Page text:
We are on the verge of even more change, because it isn’t just about doing the same things in new ways. You cannot cling to the past, and expect to move forward. Nor accept gifts of the future while you hold to energies of the past.

Free yourself for the beauty that awaits.


As spring turns to summer, and the energies of the Universe kick into higher gear, time is literally speeding up: where once it would take lifetimes for lessons to be learned and consciousness to shift, now these things happen within a matter of months. If winter was about saying goodbye to the old, and quietly, forlornly, grieving its loss; and spring the against-the-odds struggle to grow in a crack in the pavement, as plants do; then summer is likely the culmination of effort and more rapid success amid aggressive heat and more active conditions. But growing into yourself does not come without challenges, and as you find out who you are and what you stand for, in these evolving times, there will be those who disagree.

Change is never comfortable.

It also represents the release of karma usually in the form of unwarranted aggression, unexpected strife and blatant disagreement. There often comes a point, in any soulmate relationship, where the initial fondness and natural attraction gives way to deep hurt and old resentment. And while it is ultimately a gift to be able to work these deeper lessons out in the form of release, facing many at once can feel like whirling with the wind, a diamond under pressure. It brings forth the difference between the surface appearance of reality and deep truth, changing you in the process.

Higher levels mean seeing more.

There is also a greater responsibility involved in dispensing knowledge, choosing action and intending thought—what once passed for acceptable no longer does, because you know better. And while I have seen many a character struggle with morality on TV—most recently on Person of Interest, one of my favorite shows—in reality there is really only one path: becoming your best self.

The end goal is lofty, and in being granted the opportunity to fly through the levels, you see the subtle shifts in the nature of events. I found it interesting timing, that both in winter and in spring, the end of the season brought its final challenges, sort of culminating in a test to pass, so characteristic of the season. Did you lose something dear in February? Were you faced with an insurmountable obstacle in May? In facing these challenges, did you learn more about yourself and the world around you? Perhaps you didn’t realize until it became clear how far you’d come, through busyness and in haste. Summer brings with it the promise of new beginnings, hard-earned, and thoroughly deserved—time in the sun, so to speak. As you cherish that which is new and appropriate, remember that the hottest days come at the end of the season.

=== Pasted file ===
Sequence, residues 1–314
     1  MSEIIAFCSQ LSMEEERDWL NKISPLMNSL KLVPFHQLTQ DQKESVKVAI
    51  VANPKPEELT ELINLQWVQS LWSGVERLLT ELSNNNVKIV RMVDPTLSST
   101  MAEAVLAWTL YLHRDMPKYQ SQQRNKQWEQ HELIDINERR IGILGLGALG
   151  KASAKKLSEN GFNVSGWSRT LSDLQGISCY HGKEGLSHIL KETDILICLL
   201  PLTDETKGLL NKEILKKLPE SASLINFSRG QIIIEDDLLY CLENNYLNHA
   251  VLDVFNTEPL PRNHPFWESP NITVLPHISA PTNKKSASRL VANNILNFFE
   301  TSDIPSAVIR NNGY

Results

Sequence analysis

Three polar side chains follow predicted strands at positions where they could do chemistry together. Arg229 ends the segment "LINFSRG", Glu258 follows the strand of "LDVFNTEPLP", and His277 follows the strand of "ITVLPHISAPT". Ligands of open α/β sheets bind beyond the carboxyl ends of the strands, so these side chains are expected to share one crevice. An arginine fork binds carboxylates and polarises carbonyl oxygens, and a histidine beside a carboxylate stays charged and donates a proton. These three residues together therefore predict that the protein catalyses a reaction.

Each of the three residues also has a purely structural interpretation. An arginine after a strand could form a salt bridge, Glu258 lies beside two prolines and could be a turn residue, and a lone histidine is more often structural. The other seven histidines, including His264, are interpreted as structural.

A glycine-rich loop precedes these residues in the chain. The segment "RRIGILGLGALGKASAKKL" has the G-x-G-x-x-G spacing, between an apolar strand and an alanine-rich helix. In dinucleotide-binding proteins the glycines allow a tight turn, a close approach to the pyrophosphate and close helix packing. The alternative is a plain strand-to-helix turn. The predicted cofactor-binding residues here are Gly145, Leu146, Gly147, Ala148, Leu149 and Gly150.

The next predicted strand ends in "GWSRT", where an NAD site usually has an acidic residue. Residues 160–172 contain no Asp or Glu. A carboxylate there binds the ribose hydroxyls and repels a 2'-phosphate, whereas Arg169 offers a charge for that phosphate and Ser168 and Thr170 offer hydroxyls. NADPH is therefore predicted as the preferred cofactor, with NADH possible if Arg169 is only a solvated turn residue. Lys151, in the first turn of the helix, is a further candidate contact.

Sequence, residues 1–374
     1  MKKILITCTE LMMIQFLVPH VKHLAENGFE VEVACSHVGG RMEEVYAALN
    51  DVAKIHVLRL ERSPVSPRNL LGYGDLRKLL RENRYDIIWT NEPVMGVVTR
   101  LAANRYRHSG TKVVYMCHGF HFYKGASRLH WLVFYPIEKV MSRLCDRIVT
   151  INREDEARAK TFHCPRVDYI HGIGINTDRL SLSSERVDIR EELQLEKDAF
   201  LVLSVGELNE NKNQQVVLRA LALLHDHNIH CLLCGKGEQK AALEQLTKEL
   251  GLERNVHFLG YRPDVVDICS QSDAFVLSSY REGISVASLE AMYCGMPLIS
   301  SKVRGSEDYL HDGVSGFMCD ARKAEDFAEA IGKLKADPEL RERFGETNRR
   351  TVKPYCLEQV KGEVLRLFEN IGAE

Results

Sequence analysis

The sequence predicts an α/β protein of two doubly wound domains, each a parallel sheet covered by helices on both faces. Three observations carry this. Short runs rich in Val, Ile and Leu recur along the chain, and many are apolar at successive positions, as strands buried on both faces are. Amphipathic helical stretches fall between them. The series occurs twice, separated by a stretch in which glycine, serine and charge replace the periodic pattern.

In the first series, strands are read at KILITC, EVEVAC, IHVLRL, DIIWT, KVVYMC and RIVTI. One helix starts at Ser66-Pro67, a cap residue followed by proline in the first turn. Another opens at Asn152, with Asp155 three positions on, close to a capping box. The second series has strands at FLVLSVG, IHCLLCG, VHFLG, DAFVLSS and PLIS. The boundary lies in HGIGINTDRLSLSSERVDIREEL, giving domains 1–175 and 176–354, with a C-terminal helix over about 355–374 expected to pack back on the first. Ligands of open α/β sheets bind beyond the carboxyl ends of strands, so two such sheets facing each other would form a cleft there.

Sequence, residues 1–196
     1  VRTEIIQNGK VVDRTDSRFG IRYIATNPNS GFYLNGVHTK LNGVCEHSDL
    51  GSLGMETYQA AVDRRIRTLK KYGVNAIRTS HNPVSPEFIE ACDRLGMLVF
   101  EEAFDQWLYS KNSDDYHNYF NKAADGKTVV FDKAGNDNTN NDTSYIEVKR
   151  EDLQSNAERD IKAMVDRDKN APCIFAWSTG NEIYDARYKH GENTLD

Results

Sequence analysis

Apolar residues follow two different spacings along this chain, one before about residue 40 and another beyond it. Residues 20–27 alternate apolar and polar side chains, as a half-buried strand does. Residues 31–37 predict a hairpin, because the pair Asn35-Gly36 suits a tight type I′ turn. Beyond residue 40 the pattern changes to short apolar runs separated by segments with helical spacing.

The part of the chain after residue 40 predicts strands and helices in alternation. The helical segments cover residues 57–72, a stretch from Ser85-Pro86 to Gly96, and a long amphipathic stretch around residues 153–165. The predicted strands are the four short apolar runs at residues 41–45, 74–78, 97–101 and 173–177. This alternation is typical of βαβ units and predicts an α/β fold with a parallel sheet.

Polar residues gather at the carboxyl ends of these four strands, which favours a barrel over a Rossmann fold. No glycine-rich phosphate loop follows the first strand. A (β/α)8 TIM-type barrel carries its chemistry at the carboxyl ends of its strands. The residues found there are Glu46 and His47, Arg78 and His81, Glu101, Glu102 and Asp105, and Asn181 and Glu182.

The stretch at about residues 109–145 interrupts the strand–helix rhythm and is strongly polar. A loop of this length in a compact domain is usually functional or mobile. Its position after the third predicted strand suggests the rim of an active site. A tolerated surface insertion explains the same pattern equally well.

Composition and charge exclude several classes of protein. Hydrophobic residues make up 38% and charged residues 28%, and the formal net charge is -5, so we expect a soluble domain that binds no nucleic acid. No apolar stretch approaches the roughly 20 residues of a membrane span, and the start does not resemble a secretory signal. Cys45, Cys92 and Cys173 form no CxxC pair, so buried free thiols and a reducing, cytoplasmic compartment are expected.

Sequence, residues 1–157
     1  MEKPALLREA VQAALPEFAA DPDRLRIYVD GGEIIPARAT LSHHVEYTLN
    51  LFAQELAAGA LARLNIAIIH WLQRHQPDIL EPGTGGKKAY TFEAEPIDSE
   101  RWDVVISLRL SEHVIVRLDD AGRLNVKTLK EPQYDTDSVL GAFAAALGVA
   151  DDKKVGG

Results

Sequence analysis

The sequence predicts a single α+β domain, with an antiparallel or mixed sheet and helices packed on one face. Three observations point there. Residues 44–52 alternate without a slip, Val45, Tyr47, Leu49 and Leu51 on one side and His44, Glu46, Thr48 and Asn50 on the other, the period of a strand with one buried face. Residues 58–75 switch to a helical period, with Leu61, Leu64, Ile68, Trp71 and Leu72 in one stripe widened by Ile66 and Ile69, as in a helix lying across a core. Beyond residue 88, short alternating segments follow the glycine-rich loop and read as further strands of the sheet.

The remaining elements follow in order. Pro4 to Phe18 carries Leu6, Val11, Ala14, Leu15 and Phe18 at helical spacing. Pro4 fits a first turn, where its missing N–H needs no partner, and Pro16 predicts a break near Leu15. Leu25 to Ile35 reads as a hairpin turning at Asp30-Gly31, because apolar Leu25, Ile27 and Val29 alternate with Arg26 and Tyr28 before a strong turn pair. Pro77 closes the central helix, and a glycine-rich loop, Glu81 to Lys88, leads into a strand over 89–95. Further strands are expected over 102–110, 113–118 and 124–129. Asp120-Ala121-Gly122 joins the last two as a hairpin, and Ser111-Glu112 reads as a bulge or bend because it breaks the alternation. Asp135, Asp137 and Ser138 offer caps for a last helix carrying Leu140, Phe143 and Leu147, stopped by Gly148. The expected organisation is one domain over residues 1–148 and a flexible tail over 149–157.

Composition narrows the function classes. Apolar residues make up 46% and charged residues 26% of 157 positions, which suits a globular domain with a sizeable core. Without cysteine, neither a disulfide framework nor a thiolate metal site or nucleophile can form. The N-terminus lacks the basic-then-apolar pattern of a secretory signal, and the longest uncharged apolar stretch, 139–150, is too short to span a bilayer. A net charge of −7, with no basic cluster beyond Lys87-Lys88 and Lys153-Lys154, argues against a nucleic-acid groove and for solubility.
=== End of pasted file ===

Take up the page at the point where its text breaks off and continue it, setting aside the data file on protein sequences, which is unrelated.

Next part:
Be prepared to defend what you believe in.

But overall, this is success.

Smile when the sun shines on your face. You deserve it.



“If you’re afraid of becoming unhinged, don’t worry.” She folded her arms and floated down from a background of distant stars to come to a halt in front of me in deep space. “It won’t happen.”

“Hey,” I said, taking in her long-sleeved checkered red shirt and enjoying the feeling of suspended gravity before remembering what this was about. I cast my eyes downward uncomfortably at the actuality of the fact. “Did it hurt?” Soft and comfortable.

She kept her usually friendly expression stern. “Not as much as it did for you.”

I was reminded that sins committed went much deeper than wrongs received—in feeling, depth and resolution. “So,” she paused, surveying the nails on one hand. “Will you?”

“Not for me,” she corrected, with an unusual seriousness in her eyes as she lowered both arms to her sides. “But for us both.

“Before this,” I said pensively, knowing exactly what she meant, “there would have been no way.”

“But now…I’m not sure.” Things we owe.

“Things are fair between us,” she said, her tone hard, but not overly harsh. “More or less. But there is no place for weakness at this juncture.”

“You must play every game.” I was reminded of the deceptive fancy of the roulette wheel, spinning in wild abandon, and the measured precision of every blackjack hand, and knew which it was I had to play.

“You have done almost everything else.” Things to overcome.

“To a casual observer…” I trailed off, “it would make no sense.”

“Nor would it seem fair.”

She dismissed this with an uncharacteristically commanding wave of the hand. “Finish what you started.”

And then I understood. “This is what you’re like when”—I swallowed—“something you love is violated.”

Her eyes were unyielding for a moment in time. “Fine,” I conceded, raising my left hand, palm up.

Waves like transparent, invisible water began to undulate and multidimensional color seeped in through the crevices between peaks and troughs until the top of several heads became visible in a swirling distortion not unlike the gravitational lensing observed at either end of a traversable wormhole.

“Time,” she declared, looking pointedly at me, “and space.”

“I’ve never taken anyone with me.”

“So learn.” Who says you don’t have a built-in pensieve?